Q&A: On the Job Training (OJT) and Students' Unique, Real-World Experiences
March 11, 2016
On-the-Job Training (OJT) is one of the unique and enriching facets of studying at Pardee RAND. Through their insight and expertise, Pardee RAND students have become an integral and driving force within research groups at RAND. This is evident from the vast scope of research that students are exposed to and the mentoring relationships they often form with their project leaders.
We reached out to current students to find out what projects they’ve recently contributed to, as well as to learn more about the extent of their experiences. From briefing top officials to riding on a Humvee through the California desert, our students truly hit the ground running.
What was your most memorable OJT experience? Why?
“Riding in a Humvee through the California desert to conduct interviews with soldiers during a training exercise at the National Training Center. ” —Andrew Cady (cohort ’14)
“I worked on a report on future Ebola hotzones. It was a relatively quick study to rapidly assess what countries might have been vulnerable to an outbreak of the Ebola virus given certain political, economic, socio-cultural, and health similarities with the three heavily-affected countries of Guinea, Liberia, and Sierra Leone.” —Bill Gelfeld (cohort ’14)
“I conducted focus groups for two weeks throughout the state of Colorado on reasons that people were not enrolled in health-care coverage. It was my first time ever being involved in focus group research, and while there was some common ground across the counties and regions we spoke with, some responses varied just as much as the geography. And of course, the other memorable part of this experience was getting to see how beautiful Colorado is.” —Melody Harvey (cohort ’12)
“Attending the Committee on the Peaceful Uses of Outer Space meeting in Vienna. I got to see international UN negotiations as they were happening, the tactical effects of major space powers in negotiations, and the impact of non-space related current events on negotiations.” —Therese Jones (cohort ’13)
“I got the opportunity to ride ATVs and pack mules at the Marine Corps’ Mountain Warfare Training Center in the High Sierras in my first year at Pardee RAND. This was for an Arroyo project to assist the Army in deciding what to do with their fleet of ATVs purchased for the wars in Iraq and Afghanistan.” —Jonathan Wong (cohort ’12)
Is there an unquantifiable thing you learned along the way through your OJT?
“How to leverage different organizational affiliations to get people to take me seriously as a 23 (now 24) year old.” —Cady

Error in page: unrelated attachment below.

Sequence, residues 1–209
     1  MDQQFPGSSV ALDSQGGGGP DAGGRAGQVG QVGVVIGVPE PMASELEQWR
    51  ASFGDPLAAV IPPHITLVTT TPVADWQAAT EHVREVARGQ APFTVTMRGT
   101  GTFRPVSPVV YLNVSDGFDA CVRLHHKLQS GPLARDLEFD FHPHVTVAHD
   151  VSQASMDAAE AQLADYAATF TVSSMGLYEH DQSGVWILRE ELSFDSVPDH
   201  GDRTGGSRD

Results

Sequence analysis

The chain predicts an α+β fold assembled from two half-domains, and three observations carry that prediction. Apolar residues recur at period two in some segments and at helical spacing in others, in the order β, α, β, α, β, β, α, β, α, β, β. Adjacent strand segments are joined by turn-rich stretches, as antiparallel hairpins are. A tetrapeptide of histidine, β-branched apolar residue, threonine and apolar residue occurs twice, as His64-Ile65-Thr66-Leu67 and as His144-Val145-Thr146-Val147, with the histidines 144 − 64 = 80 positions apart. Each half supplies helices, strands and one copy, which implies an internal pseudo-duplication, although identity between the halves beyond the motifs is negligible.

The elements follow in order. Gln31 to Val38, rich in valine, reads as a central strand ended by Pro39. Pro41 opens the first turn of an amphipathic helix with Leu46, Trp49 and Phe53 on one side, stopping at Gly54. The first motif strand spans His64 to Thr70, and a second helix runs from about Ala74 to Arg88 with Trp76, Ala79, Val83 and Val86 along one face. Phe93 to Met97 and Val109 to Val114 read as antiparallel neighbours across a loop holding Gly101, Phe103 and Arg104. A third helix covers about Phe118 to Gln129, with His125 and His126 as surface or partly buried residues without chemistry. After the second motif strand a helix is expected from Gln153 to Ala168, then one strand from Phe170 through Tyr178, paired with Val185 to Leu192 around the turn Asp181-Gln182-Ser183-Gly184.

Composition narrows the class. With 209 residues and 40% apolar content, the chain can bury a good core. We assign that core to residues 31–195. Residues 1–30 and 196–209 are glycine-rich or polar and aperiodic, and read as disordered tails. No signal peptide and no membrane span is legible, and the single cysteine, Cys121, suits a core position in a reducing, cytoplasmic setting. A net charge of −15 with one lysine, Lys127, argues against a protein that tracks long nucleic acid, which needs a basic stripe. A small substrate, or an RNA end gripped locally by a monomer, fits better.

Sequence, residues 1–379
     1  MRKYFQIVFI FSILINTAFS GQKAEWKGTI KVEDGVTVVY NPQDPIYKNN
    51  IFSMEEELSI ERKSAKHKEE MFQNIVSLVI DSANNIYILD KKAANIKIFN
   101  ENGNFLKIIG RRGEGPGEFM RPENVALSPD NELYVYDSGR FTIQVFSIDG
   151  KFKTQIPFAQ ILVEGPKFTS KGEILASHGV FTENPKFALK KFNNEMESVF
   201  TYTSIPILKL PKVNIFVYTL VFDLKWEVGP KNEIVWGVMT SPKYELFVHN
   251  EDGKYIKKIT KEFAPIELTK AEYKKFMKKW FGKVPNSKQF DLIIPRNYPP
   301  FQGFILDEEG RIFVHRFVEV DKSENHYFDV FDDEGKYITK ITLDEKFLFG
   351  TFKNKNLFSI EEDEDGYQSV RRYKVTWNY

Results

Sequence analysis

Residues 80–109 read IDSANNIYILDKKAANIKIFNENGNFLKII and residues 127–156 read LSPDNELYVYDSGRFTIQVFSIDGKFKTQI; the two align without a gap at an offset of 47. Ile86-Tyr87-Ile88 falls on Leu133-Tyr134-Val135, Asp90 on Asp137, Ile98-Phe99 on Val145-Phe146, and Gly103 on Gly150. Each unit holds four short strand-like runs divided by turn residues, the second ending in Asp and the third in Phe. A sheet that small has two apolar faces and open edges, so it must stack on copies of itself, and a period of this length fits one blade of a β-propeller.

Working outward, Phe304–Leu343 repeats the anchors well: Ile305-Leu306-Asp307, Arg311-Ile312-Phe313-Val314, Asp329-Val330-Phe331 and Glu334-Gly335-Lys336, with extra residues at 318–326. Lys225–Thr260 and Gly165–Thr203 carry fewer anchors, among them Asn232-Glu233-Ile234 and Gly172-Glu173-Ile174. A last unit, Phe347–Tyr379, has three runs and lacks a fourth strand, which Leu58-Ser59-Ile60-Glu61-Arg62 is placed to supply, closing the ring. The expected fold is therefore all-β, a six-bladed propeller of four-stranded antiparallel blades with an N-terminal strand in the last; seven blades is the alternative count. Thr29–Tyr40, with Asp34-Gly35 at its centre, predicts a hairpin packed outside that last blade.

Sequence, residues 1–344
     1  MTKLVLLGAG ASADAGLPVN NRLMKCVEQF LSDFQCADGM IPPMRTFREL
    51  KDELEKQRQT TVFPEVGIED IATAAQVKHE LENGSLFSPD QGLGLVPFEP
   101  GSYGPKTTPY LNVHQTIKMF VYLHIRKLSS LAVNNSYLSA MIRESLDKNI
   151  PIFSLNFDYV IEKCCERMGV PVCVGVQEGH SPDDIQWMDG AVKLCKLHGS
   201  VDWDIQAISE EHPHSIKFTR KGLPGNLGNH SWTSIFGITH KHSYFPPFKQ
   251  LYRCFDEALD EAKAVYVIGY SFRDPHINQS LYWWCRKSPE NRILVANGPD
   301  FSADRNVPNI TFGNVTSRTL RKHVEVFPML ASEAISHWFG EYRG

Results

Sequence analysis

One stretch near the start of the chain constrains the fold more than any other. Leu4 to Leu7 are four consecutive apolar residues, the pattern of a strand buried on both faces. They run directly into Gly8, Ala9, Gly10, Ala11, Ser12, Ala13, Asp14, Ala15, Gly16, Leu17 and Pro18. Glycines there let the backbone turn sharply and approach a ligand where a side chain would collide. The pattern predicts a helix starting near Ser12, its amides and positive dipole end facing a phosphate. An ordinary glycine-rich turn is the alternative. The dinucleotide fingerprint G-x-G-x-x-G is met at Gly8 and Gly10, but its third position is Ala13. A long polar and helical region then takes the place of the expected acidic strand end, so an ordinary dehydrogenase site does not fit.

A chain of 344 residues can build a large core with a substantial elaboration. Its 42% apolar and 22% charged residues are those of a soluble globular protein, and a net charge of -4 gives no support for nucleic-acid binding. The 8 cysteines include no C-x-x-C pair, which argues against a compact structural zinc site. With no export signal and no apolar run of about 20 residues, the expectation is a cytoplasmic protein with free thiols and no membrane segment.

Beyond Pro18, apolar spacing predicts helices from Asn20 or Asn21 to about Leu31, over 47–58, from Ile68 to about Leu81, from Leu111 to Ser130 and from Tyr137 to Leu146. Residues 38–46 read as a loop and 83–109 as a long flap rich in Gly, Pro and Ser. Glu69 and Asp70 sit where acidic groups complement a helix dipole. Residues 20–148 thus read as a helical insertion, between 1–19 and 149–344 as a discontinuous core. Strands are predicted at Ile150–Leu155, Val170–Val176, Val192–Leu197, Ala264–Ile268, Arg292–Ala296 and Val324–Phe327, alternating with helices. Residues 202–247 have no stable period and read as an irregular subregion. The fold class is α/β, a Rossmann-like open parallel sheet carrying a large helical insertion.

“That implementation and success of policy depends heavily on personal relationships and the ability to inspire large groups of people to take on an important mission.” —Jakub Hlavka (cohort '14)
“It is a marathon, not a sprint. Sometimes the best way to get quality work done is to go outside and take a walk on the beach to clear your head.” —Wong
What was the farthest point you traveled from RAND for OJT work?
“Washington, D.C.” —Cady
“I visited southern Germany on a project and even went up the highest German mountain, Zugspitze, with the project leader!” —Hlavka
“Vienna (Austria, not Virginia)” —Jones
“Cambridge, UK” —Wong
Who was the most senior person you briefed?
“An Air Force Colonel who is in charge of civilian disaster response for Air Force Pacific Command (PACOM)” —Gelfeld
“The Deputy Director of the Pentagon’s Office of Net Assessment, twice.” —Wong
What are some of the strangest questions/topics you came across in your work?
“I once had to manually look through hundreds of Twitter profiles in an attempt to identify Islamic extremists and their organizational affiliations. They posted a lot of interesting content (speaking Arabic helped tremendously), and often posted pictures of their handiwork, which made them easy to spot.” —Cady
“For a project on Army ATVs, I looked into the topic of the military’s strange fetish with using motorcycles on the battlefield. I documented how motorcycles come up every decade or so for the Army since the 1920s, only to be discarded after they figured out that soldiers can’t shoot or handle equipment while riding and are very unsafe.” —Wong
Can you think of any other interesting OJT highlights?
“I once had to leave home at 2:00 a.m. to drive out to an Army base to observe a mock battle that was to happen that day.” —Cady
“I've gotten to hang out with two astronauts via OJT; went to Bratislava with one, hiking with another. Also have been at events with Buzz Aldrin and NASA administrator Charles Bolden.” —Jones
“In my first year, I volunteered to interview an Army colonel at Fort Polk, LA, for a project on best practices for training military advisors. The plane I was taking ran out of gas on its way to Dallas and had to land at Fort Hood, TX. In my zeal to get the job done, I got off the plane, rented a car—a baby blue Prius—and drove six hours across east Texas in the dead of night, only to get a speeding ticket at the Louisiana border by a police officer who was very suspicious of my ethnicity and car, followed by a very unproductive interview with said Army colonel.” —Wong